Bid Rate Clients set a rate they are willing to pay for services. As an Interpreter, you will be notified about these assignments with a set hourly rate. You decide if you are willing to work for that rate. Additionally, Interpreters may be assigned to these requests automatically, on-demand, by giving prior approval.
GoSignify is used by law firms, consumer health facilities, businesses, enterprises, regular people and more.
GoSignify uses direct deposit to pay Interpreters, so a valid checking account, routing or IBAN number, and billing address are required. During registration, you’ll add your bank information and billing address in order to get paid via the app. Savings accounts, prepaid debit cards, and reloadable bank cards aren’t valid, even if they accept direct deposits. We take protecting your personal information seriously and use the latest encryption technologies available to do so. Your information will never be shared with third parties and is for internal use only. We currently use Stripe payments to process transactions.
We require most interpreters to have at least 1 year of interpreting experience in a professional or volunteer setting. Our matching engine matches you clients based on their particular needs, and whether they require medical or court licensing. However, for uncommon languages for which there are no exams, you may be asked to provide up to 3 references.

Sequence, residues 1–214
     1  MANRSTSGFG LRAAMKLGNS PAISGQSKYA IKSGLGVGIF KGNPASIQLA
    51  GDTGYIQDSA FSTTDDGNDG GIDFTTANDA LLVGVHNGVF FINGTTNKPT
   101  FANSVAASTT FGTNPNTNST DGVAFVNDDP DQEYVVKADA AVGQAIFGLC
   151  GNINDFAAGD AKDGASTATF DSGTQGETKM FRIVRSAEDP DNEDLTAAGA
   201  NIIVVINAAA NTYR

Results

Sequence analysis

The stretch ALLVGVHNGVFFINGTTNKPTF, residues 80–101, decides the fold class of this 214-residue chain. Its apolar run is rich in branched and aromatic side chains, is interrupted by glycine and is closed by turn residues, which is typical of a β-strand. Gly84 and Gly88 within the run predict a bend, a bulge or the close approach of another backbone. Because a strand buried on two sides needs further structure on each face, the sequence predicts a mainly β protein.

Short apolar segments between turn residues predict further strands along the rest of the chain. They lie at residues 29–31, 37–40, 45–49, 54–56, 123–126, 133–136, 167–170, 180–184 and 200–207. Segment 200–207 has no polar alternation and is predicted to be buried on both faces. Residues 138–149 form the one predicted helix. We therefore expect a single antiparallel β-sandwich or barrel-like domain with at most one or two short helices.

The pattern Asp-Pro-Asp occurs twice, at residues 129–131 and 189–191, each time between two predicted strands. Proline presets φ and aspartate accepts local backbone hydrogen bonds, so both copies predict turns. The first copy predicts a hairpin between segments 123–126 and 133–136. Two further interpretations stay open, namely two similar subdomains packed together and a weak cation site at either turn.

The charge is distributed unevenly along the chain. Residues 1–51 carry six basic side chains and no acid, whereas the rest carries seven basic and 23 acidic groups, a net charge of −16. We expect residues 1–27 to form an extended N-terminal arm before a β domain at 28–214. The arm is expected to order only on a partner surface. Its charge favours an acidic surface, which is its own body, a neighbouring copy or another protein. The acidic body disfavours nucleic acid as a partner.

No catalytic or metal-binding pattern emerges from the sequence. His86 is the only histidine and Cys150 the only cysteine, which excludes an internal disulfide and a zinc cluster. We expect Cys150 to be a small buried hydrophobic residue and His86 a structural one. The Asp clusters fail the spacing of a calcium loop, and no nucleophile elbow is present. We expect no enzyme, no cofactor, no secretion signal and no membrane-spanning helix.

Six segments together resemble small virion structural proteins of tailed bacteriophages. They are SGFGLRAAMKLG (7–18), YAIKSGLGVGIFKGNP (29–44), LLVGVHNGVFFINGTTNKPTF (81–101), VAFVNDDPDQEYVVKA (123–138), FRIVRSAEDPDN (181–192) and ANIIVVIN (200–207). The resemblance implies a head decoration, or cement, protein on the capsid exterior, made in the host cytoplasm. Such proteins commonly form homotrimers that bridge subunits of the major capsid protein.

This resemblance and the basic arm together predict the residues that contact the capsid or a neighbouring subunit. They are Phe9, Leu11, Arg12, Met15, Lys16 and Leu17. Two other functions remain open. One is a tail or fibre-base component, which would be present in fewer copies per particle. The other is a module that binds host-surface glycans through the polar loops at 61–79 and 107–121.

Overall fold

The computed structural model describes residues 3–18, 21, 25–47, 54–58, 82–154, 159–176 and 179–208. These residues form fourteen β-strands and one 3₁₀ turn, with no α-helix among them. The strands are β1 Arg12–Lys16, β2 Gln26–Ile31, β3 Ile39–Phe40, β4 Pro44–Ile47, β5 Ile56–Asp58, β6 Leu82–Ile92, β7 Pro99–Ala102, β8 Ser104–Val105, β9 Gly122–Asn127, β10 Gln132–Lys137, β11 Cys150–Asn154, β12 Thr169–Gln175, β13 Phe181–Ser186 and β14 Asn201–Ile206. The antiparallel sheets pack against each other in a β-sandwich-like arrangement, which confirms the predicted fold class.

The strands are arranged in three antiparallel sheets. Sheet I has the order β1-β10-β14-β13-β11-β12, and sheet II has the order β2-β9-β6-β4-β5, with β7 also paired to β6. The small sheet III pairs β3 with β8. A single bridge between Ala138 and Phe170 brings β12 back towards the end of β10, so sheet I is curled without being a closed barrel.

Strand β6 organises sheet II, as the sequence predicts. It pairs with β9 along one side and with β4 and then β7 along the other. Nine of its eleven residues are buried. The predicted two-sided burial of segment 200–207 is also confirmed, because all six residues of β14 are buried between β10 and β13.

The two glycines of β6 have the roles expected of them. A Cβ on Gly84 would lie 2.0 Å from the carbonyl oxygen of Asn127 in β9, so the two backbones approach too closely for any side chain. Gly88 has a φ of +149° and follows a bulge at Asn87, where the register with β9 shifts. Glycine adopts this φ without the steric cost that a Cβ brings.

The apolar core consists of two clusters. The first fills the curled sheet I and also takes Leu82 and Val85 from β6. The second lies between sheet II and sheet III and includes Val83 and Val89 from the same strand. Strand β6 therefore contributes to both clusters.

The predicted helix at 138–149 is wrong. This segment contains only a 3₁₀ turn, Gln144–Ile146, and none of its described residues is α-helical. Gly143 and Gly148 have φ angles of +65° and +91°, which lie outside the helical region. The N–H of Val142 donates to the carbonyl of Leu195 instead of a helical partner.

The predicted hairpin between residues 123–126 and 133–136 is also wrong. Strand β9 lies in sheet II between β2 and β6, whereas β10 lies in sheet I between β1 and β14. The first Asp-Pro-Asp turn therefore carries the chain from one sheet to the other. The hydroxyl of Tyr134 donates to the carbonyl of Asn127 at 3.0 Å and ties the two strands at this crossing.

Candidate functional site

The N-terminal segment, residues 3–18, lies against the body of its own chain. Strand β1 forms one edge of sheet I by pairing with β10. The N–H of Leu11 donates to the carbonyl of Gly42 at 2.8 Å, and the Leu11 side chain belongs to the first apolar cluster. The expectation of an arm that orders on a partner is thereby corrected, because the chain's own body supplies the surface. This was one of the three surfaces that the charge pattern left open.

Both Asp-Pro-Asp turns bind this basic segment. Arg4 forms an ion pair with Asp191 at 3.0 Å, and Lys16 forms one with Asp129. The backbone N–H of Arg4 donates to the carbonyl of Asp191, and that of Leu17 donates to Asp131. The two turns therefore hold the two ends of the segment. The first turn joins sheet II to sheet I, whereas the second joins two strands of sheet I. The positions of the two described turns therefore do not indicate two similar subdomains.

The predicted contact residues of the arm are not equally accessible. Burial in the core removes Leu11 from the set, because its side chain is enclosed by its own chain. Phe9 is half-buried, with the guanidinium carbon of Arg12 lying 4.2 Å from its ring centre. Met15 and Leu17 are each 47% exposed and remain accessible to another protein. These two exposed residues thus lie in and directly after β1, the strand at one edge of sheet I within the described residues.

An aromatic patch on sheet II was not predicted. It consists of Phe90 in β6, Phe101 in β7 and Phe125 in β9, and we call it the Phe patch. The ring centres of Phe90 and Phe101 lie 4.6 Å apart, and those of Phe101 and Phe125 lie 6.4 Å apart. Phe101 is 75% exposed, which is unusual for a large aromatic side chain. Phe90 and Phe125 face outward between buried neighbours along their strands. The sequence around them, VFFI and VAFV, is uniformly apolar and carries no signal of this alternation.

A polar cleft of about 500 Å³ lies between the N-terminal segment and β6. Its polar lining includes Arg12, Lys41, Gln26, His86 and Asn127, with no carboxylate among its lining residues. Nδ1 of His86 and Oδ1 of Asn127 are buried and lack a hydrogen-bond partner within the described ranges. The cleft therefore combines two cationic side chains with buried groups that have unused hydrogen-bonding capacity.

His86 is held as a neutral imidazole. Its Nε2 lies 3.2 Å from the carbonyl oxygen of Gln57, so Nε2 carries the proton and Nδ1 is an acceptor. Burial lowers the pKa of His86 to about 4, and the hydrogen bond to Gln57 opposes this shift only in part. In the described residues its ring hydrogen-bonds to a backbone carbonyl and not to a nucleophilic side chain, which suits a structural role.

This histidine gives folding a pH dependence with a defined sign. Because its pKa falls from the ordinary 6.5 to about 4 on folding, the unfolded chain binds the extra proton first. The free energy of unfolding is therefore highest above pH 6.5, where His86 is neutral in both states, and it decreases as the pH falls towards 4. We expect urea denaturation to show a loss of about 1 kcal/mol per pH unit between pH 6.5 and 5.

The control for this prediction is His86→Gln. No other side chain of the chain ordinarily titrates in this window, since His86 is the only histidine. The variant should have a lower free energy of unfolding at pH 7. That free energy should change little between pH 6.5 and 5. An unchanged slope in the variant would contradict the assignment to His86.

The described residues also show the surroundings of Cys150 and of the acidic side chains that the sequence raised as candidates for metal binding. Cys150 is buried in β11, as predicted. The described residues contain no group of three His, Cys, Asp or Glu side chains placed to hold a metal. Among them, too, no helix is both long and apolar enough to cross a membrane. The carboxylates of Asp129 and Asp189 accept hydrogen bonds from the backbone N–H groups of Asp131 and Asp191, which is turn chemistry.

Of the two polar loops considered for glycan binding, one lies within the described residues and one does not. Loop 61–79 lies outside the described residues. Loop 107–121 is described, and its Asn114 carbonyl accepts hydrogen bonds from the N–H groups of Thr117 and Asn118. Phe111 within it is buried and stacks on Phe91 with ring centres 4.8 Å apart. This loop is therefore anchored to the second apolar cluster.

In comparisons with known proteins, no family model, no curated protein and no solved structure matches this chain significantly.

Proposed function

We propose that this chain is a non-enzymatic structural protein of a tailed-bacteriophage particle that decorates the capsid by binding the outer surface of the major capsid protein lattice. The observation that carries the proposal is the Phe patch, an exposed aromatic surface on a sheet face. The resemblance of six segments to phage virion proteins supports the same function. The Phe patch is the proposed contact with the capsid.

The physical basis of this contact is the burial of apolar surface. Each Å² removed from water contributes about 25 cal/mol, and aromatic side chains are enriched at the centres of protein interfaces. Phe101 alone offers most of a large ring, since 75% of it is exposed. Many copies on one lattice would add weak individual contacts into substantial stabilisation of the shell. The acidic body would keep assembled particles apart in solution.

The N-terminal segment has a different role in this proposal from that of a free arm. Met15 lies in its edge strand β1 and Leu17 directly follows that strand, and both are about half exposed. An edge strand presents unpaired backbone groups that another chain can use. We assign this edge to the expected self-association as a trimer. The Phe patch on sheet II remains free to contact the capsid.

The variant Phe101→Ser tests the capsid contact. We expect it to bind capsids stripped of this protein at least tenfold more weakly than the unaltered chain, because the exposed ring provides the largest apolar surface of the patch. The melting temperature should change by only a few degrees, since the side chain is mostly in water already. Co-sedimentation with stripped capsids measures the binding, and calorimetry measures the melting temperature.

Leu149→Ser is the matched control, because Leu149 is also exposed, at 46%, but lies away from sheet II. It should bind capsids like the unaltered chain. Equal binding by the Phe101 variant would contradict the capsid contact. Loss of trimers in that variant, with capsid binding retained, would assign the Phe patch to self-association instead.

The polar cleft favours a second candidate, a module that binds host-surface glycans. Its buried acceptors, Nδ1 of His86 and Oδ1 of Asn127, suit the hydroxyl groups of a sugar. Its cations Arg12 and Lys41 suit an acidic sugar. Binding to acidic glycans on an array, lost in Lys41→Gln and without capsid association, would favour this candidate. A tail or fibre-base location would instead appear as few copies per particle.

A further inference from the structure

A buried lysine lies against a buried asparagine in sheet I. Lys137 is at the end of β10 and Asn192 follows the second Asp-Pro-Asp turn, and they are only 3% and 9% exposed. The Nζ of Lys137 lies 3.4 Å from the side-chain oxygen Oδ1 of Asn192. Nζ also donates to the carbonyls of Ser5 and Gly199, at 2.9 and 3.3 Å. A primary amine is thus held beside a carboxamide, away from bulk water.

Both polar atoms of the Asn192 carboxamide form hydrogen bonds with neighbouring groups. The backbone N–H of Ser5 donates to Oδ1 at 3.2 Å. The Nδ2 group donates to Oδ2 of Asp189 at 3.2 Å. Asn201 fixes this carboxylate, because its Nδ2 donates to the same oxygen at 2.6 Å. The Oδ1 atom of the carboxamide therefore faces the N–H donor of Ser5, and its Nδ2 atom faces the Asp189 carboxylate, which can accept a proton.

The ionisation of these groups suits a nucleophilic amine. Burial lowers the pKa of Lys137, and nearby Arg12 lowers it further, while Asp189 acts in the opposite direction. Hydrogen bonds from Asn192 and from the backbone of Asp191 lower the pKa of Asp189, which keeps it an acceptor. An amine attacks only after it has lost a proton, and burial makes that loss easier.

Processing time may vary by city, but most registrants are able to begin tasking within four business days of finishing registration. You’ll receive a notification once your registration is processed. If we need additional information from you to process your registration, we will reach out.
Once you have passed our vetting process, complete your profile, and include a professional photo, so you appear confidently in Search. If you are not getting assignments, you may need to be patient and consider a few factors. Demand for your language(s) depends overall demand on the platform for your language pair, the number of interpreters for your language, your rate, and other factors. If you would like to know more about rates. go here.